Roar of the Lion / Lion’s Fight Song – When Detroit plays at home, the stadium is so loud that it has its own sound meter to measure the noise. You’ll often hear the Lion’s roar throughout the stadium in support and solidarity of the pride. And of course, the Lions also have their own fight song and fans often get the chance to join in singing during games! In Detroit, Thanksgiving football is also a tradition all its own.

Arizona (Glendale)

Big Red Siren / Great Lawn Tailgate - A favorite gameday tradition in Arizona is to have a fan or celebrity come sounds the big red siren before the game to signal the teams inbound entrance to the field. The Great Lawn was designed specifically as the place for Cardinal Fans to tailgate and serve as the heart and soul of the gameday experience.

Green Bay

Lambeau Leap - There is no NFL tradition more iconic and celebrated than the Lambeau Leap in Green Bay. Following a Home team touchdown, the Green Bay player who scored will leap into the arms of cheering cheese-heads in the back of the end zone. This unique interaction between players and fans creates an even deeper bond between the team and its passionate supporters and shareholders.


Bulls on Parade, Bullpen – Bulls on Parade has become the adopted rallying cry for Texans fans at key moments during the game or just to show support for the team. The Bull Pen specifically is known to be one of the rowdiest fan sections in football and all fans are actively involved in the gameday environment at Houston games. They chant along with the mascot, cheer with the announcer on first downs, and sing along to “Football Time in Houston” following a touchdown.


The Anvil - It's important to start a game with a bang. In Indianapolis, fans await the sound of a hammer striking an anvil to get the match going. Sometimes a celebrity or former player strikes the anvil to pump up the crowd even more. The anvil is strong and resilient. It represents all Colts fans and their collective grit, hardworking attitude, and wave to strangers’ good nature.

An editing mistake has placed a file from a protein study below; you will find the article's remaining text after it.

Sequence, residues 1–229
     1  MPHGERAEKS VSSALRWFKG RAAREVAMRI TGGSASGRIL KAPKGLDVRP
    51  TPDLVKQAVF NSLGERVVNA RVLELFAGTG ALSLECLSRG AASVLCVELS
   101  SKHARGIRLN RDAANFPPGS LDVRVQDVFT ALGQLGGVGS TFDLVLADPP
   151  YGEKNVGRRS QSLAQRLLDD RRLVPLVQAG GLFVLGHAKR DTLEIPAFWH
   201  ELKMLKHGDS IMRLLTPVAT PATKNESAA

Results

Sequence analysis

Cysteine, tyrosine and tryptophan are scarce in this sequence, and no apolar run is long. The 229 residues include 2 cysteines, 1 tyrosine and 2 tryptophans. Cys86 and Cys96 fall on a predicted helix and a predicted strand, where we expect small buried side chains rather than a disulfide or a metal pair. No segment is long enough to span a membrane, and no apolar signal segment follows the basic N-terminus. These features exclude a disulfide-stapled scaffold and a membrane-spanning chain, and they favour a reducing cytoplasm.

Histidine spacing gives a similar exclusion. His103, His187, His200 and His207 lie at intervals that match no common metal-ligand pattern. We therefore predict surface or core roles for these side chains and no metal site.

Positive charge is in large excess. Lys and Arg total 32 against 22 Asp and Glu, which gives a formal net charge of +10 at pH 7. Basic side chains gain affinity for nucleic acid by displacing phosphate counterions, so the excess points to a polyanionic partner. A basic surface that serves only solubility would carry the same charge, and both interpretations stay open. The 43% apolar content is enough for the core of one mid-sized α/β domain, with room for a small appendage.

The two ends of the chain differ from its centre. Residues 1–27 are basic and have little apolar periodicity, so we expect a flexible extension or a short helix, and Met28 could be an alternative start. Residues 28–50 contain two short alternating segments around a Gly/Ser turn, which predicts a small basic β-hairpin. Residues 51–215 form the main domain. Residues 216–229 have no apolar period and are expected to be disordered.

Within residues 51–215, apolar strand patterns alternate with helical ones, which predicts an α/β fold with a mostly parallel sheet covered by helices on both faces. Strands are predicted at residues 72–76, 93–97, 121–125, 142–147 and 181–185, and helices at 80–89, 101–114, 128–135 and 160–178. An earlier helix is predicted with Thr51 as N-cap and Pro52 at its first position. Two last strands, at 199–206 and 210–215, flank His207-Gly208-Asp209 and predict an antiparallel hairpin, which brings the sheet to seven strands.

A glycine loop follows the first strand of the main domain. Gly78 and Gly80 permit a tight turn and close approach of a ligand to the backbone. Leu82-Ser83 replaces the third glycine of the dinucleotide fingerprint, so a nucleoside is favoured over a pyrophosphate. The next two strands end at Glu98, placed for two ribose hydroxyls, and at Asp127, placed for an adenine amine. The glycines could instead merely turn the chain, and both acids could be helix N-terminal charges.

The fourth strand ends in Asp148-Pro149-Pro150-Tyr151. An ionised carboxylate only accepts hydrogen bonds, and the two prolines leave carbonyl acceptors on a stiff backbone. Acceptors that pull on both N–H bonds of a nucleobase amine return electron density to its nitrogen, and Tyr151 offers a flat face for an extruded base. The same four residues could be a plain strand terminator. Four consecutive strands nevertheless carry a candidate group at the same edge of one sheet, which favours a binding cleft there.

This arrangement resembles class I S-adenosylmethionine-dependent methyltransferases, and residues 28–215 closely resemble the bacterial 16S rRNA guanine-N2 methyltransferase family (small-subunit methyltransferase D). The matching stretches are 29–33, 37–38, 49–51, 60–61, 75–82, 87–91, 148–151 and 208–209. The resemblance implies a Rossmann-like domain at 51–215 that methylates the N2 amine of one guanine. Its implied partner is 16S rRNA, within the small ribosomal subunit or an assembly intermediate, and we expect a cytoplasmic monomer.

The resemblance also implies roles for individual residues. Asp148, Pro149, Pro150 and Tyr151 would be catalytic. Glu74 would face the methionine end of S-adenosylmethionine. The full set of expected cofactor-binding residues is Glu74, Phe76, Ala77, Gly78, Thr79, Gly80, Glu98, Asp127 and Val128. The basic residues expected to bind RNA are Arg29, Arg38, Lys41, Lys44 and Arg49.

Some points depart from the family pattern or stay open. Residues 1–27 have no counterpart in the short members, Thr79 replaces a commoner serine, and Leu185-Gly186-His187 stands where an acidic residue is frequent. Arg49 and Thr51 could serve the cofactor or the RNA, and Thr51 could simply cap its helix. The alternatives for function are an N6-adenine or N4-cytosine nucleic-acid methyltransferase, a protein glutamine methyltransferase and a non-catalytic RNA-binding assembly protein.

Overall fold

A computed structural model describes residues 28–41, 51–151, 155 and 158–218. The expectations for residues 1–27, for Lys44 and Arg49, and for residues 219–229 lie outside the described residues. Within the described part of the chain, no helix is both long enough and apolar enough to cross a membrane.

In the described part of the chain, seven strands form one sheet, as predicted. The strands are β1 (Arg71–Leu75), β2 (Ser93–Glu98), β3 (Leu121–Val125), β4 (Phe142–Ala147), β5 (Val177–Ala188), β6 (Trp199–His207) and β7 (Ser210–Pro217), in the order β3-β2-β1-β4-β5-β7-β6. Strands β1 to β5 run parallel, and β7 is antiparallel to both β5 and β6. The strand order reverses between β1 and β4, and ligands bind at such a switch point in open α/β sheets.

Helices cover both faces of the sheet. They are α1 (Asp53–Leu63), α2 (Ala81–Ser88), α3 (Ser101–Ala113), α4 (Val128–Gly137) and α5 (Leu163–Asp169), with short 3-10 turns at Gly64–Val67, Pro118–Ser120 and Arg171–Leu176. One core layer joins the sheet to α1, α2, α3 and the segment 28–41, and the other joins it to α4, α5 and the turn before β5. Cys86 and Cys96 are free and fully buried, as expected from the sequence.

Duval Chant - Jacksonville is in Duval County, and fans have adopted "Duval" as a gameday chant, that is often led by a special guest, such as a super fan, past player, or celebrity. The fanbase is often referred to as Duval, which the team uses as its hashtag on social media. The Duval Chant expresses pride in the Jacksonville community and creates a send of camaraderie.

Kansas City

Arrowhead Chop - Before each game in Kansas City, the team announces the game's drum honoree. The special guest hits the stadium's eight-foot-tall drum and then leads the crowd in chants. As the sound of the drum echoes around the stadium, players will storm the field to the deafening roar of the crowd. Throughout the game, you’ll hear the rhythmic “Arrowhead Chop,” helping to create quite an intimidating atmosphere for opponents.

Las Vegas

The Black Hole - The Las Vegas team may be new to the city, but their franchise has quite a history of fan traditions and an unmistakable dress code for their biggest fans. You’ll find them in the Raiders' legendary fan section they call the "The Black Hole.” They will be wearing elaborate costumes, and they will be very intense creating an intimidating and uncomfortable presence in the stands of Allegiant Stadium.

Los Angeles (Rams)

Rams House / Herd Horn - The Rams turn their fan base into a stampede before games, encouraging them to stomp their feet and get loud to pump up the team while shouting their “Rams House” rallying cry. They even have a place to go to specifically learn about Ram’s House Pre-game rituals. On the field, a Herd Horn is used for signaling third downs on defense, and the fourth quarter is when the stadium “awakens the beast” with music and noise to make sure fans are loud to the final whistle.

Los Angeles (Chargers)

Bolt-Up Chant / Thunderbolt – “Bolt-Up” is the standard rallying cry shared between Chargers fans. You’ll often see this chant accompanied with fans raising their arms to mimic a bolt of lightning in support of the team or fans using the Thunderbolt hand gesture to visually express their allegiance.


Dolphins' Fight Song / Dolphins Call – In 1972, the team had a perfect season, and every touchdown since has led to fans belting out the iconic Dolphins fight song “Miami Dolphins Number One!” Fans frequently also yell out a distinctive “dolphin call” imitation during games to show support for the team and to add a fun, unique touch to the gameday experience.


Skol Chant / Viking Horn - According to Norse legend, the Gjallarhorn will summon the gods to battle at the end of the world, so of course the Vikings have their own version of the legendary horn. At every home game, a guest of honor gets to blow it to start the game. Fans also passionately support their Vikings and celebrate their Norse heritage with their trademark rhythmic “Skol Chant,” a spirit ritual you’ll hear at U.S. Bank Stadium on Gameday.